Some preliminary evidence suggests higher rates of depressive symptoms among EDS3 sufferers, especially when simultaneous anxiety is present. The number of people with EDS3 was markedly greater within the schizophrenic‐panic/phobic group of patients. (Yay! A major impact I missed!) The article further reported that researchers observed structural differences in areas of the brain implicated in emotion regulation in people with joint hypermobility syndrome. The report concluded by recognizing EDS3 as a multisystem condition that is equally an “invisible” condition.
Another study published its report in 2016 under the title, “Psychiatric Disorders in Ehlers-Danlos Syndrome Are Frequent, Diverse and Strongly Associated with Pain,” in Rheumatology International. And, investigating a facet I had not considered, an academic review considered the impact of an invisible disease with unpredictable flare-ups on students forming their identity in the chaotic mix of:
- “Fatigue and limited physical endurance due to the drain of energy on the person’s body or the presence of chronic pain;
- Fluctuating capacity to participate in daily activities due to exacerbations and remission of the disease itself;
- Difficulty concentrating due to emotional factors, medication side effects, or pain;
- Difficulty with mobility due to inflamed joints, limited nerve function, or decreased strength;
- Periods of diminished productivity through-out the day; and
- Frequent absence from class.” [Journal of Postsecondary Education and Disability, 29(4), 407-418]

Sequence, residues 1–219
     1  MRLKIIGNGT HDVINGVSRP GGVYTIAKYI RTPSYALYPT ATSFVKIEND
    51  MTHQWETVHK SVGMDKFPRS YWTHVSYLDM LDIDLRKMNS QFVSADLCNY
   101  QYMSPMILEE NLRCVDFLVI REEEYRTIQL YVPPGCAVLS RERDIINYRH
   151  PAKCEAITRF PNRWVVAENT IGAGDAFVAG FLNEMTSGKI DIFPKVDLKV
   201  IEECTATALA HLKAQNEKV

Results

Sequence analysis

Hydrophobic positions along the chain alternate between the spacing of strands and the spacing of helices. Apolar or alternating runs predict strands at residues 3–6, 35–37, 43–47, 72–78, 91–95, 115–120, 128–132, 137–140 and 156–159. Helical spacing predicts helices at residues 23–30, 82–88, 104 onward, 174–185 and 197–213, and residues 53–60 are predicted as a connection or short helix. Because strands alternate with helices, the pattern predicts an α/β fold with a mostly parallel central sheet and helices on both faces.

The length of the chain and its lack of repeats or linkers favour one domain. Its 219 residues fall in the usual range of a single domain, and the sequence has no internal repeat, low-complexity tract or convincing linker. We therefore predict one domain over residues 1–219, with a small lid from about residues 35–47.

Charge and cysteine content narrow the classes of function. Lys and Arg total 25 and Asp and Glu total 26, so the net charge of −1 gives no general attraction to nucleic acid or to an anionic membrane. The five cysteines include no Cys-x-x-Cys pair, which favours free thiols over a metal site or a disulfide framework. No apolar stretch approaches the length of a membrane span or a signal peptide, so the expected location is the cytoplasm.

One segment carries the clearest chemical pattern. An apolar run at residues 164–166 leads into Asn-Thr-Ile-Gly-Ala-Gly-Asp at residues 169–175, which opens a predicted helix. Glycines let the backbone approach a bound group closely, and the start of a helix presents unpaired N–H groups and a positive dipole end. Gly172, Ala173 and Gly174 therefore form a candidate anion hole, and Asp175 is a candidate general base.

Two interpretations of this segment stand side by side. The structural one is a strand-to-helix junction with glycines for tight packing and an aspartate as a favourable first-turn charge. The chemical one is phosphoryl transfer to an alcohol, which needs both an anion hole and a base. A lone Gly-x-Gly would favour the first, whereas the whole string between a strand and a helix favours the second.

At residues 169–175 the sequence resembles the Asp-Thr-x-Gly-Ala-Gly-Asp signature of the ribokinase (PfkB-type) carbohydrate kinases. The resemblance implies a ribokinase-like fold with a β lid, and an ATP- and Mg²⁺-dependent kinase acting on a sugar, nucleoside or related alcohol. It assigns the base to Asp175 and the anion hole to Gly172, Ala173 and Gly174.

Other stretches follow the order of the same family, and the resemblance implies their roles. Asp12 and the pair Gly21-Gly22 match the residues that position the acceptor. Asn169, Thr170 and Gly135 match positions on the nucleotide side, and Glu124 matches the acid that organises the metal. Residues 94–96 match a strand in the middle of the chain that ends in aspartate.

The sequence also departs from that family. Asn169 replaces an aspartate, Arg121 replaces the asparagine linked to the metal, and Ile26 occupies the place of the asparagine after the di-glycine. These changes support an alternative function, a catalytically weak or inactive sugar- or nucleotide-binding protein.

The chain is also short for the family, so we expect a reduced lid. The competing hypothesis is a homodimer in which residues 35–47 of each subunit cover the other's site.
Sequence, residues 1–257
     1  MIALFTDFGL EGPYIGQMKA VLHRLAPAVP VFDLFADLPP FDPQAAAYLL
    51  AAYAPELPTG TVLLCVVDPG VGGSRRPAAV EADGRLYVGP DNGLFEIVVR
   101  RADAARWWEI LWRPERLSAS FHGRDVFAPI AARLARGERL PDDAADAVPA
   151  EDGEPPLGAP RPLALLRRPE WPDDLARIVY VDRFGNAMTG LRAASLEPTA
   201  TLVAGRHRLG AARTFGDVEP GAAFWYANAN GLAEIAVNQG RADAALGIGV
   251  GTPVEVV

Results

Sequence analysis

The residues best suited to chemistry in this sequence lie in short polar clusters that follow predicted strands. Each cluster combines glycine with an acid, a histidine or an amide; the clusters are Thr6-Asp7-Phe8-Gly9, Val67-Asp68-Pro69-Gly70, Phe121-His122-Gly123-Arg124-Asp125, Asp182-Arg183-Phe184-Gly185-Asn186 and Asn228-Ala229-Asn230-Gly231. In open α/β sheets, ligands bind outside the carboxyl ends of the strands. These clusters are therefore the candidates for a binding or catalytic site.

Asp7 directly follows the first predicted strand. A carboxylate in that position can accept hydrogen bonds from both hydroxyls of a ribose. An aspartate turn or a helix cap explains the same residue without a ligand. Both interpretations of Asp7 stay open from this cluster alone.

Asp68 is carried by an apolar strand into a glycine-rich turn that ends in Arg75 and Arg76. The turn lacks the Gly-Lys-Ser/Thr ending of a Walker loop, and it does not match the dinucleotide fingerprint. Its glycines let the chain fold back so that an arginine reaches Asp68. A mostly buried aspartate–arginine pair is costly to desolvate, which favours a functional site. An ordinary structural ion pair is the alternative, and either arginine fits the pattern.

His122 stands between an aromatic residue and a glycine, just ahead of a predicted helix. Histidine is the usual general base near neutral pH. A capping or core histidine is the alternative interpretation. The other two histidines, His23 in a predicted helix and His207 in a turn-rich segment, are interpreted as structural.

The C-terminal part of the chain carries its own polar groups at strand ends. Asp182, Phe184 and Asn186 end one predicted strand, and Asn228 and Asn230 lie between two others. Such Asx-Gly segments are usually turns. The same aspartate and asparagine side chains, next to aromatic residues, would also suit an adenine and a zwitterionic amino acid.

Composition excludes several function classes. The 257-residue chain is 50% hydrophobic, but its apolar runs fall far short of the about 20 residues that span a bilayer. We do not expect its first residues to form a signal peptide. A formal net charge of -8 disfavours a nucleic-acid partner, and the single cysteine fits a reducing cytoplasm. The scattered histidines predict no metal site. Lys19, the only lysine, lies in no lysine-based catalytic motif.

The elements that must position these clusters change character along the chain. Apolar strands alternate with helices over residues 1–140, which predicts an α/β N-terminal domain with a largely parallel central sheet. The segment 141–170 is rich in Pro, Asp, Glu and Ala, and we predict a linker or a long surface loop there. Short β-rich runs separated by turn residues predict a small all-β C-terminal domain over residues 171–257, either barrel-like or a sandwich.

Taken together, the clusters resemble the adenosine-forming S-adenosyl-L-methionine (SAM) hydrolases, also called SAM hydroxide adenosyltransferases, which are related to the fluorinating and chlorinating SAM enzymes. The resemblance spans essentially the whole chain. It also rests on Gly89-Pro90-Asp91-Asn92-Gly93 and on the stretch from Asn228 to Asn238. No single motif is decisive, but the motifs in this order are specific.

What Makes EDS3 Invisible
Why do people with EDS3 look “fine,” “healthy,” and relatively “normal,” whatever that is? How do you know they are not hypochondriacs, drug-seekers, attention-seekers, or malingerers? The answer is in the myriad of internal symptoms. Almost every internal bodily system is compromised in EDS3. Obviously, the connective tissue is affected, but that makes up 90% of a person’s body. And not made of connective tissue, the bones are compromised with widespread skeletal pain. Imagine how you would feel if, all at once, the following parts of your body were malfunctioning: joints, tendons, ligaments, muscles, fascia, nerves, skin, head, brain, hearing, eyes, jaws, gums, circulatory system, autonomic nervous system, respiratory system, digestive system, musculoskeletal system, reproductive system, endocrine system, organs, sleep, mental health, emotions, hormones, do you need any others? The only thing you may see on the outside is bruising and scars, possibly saggy skin, but often a brace, a cast, a bandage, and/or a disability aid. Everything else is going on beneath the surface, and it is vicious.
Why can someone with EDS3 go out to lunch one day but be unable to put away the dishes the next? Refer to the previous paragraph. If, by some miracle, that person has enough of a break in symptoms to spare them a few hours of socializing, they will no doubt grab it! Then, they will no doubt pay for it with a resurgence of pain, fatigue, anxiety, nausea, diarrhea, insomnia, weakness, muscle spasms, and any number of other symptoms they tried so hard to ignore for just a little while. Healthy people do not want to be bedridden. Those of us with EDS3 are ridiculously sick, and we do not want to be bedridden! We want to dance and play and pursue our dreams. We want to take care of our loved ones. It is true that we get depressed, but we have logical and biological reasons to do so. Believe us: There is significant illness going on behind the invisible condition.